Tuesday, May 24, 2011

Container gardens: Pots on the spot

My neighbor John found himself face down on the front porch, unable to get up.  While lying waiting for help, his busy mind came up with a design for a porch railing which curved inward at the edges, leaving two perfect corners open and suitable for flower pots.  John was never one to panic, or waste time. 

Note to self:  remove hanger
Why hide the pots behind the rail where only the home's occupants could admire the blooms?  John's design called for open corners and an inverted ornamental rail.   His spouse was a bit sceptical of the design, but it grew on her.  Yesterday, while whizzing past, two bright bunches of hot pink impatiens popping out of those very pots caught my eye.

 John's bride favors bold colors to accomodate her compromised vision. 

No matter the space, no matter the abode, everyone has room for a pot or two.  Like a bright scarf, a pot of flowers gives your home a bit of unique style, and a punch of color, even if the  outdoor space is a balcony.

 A fabulous container garden can be pulled together in just a few minutes.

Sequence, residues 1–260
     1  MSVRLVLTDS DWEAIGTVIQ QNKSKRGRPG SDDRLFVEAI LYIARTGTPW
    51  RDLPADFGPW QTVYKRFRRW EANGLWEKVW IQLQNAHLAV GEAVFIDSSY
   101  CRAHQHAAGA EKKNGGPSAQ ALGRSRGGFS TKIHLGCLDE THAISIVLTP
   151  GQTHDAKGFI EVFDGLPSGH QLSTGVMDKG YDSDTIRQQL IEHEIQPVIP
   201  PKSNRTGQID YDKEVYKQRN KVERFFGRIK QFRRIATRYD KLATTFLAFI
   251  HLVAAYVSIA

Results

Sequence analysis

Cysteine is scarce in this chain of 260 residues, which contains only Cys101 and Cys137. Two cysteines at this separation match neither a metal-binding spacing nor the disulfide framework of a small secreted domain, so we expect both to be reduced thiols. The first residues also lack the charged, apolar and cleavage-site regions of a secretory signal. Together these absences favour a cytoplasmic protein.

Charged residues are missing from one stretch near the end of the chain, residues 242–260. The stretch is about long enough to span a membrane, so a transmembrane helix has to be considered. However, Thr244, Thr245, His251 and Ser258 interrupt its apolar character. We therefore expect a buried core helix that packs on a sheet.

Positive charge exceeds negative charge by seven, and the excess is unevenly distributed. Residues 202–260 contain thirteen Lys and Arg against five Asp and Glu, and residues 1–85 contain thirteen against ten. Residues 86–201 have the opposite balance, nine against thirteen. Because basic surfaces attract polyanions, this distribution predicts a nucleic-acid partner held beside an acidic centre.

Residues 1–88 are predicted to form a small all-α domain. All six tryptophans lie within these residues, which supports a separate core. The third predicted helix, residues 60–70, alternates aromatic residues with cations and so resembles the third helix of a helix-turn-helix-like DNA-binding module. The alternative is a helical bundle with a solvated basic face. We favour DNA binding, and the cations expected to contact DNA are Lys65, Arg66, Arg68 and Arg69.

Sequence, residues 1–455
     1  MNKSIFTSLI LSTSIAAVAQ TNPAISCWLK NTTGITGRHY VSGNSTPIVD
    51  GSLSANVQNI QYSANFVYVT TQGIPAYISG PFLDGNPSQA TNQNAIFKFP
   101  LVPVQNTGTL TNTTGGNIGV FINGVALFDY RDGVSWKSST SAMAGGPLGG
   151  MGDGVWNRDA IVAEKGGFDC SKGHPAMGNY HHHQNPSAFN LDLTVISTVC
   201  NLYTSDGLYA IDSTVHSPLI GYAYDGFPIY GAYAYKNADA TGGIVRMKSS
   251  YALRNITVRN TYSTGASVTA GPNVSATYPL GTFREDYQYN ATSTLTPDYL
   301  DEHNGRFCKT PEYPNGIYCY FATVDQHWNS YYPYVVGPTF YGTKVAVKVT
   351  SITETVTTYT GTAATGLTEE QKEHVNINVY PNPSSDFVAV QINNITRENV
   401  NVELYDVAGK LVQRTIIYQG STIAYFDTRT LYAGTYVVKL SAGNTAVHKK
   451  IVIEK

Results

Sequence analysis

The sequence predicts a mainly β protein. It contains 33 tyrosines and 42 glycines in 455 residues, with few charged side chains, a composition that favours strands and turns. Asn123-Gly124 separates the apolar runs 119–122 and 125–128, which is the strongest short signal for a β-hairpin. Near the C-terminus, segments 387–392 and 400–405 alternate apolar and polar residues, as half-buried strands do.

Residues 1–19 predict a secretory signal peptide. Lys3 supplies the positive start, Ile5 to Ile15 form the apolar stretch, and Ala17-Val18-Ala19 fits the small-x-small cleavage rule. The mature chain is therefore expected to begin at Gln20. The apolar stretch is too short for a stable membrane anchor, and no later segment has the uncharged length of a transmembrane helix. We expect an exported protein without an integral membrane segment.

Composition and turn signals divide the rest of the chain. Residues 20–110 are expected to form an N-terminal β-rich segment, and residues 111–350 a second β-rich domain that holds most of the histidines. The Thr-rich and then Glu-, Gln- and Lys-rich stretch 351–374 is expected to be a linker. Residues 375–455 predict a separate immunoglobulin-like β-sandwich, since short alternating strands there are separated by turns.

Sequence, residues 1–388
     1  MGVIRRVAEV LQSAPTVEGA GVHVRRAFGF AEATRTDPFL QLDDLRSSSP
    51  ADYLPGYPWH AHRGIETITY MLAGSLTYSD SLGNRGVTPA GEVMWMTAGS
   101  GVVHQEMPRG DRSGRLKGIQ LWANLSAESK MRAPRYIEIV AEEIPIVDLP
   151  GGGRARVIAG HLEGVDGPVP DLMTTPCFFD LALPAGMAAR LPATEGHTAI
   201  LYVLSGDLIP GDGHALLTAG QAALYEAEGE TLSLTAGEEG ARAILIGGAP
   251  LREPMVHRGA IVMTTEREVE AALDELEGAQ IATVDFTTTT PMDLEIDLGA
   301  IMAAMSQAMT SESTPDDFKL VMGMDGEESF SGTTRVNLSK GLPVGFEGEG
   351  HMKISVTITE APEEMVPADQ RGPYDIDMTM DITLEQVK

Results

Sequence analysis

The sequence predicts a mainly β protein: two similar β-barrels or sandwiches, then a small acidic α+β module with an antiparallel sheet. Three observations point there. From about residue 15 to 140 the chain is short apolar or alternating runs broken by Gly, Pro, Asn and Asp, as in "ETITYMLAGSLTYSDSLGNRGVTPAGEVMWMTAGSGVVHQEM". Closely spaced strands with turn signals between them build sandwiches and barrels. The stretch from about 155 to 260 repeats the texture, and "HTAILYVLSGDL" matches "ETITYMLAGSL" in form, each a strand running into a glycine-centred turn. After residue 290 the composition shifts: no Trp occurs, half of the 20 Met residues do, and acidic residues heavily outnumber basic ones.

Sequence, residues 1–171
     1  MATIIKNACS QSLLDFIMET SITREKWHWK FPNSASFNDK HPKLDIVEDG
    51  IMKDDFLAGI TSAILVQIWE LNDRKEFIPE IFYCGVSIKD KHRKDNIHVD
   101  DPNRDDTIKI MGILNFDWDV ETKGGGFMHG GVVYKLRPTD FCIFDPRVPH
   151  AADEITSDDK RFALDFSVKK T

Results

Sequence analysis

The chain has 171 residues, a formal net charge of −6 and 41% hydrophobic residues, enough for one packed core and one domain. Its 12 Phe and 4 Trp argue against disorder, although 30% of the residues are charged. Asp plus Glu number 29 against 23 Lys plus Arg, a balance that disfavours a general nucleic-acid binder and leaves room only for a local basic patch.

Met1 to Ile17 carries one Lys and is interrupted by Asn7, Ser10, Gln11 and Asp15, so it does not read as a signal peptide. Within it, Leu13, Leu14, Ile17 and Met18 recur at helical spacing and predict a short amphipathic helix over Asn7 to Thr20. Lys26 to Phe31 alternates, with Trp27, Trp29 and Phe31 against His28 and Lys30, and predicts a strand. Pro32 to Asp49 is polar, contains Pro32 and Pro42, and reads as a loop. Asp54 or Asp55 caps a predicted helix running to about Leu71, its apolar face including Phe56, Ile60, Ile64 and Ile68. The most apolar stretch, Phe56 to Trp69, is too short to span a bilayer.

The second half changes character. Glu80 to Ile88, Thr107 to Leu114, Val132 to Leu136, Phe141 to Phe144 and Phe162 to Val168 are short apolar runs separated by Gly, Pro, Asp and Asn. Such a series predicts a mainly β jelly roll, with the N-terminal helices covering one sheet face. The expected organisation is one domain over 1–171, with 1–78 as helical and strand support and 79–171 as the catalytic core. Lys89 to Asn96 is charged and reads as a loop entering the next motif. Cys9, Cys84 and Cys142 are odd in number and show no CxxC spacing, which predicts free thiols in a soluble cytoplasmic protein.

Spoiler alert--here's a gardener's "secret" tip.  The fullest and easiest pots originate as hanging planters.  Also the best deals.  Near closing time at Eastern Market, or at the local market stand, full blooming hanging planters sell for as little as five or six dolllars.   It's far less expensive and quicker than filling the pot with individual plants.   Hanging planters are usually more mature than lone plants, providing instant gratification in a limited growing season (and budget.) They're a sure bet.

Some fabulous urns are made of lightweight molded plastic or fiberglass, and easily pass for the real thing.  Save your back and phase out those heavy concrete containers.  Plastic's far easier to clean and store.  And it lasts.  Forever. 

To keep it light, use less soil and recycle the planter pot by inverting it in the bottom of the urn.  Tuck plastic grocery bags in the gaps and line the upper interior with compost or mulch, leaving a cavity in which to pop in the hanging plant.  Pop it in, and fill the gap with potting mix using a soil scoop.  Light, fast and lovely.

Spit spot, you've got yourself a garden in a pot. 

Grab a cuppa tea, sit back and admire your handiwork.

More Articles of Interest:
Winter Porch Pots -- Greenery Containers

How to Transplant Plants -- Create a Memory Garden

Gardeners of the Court -- The Cycle of Life in the Garden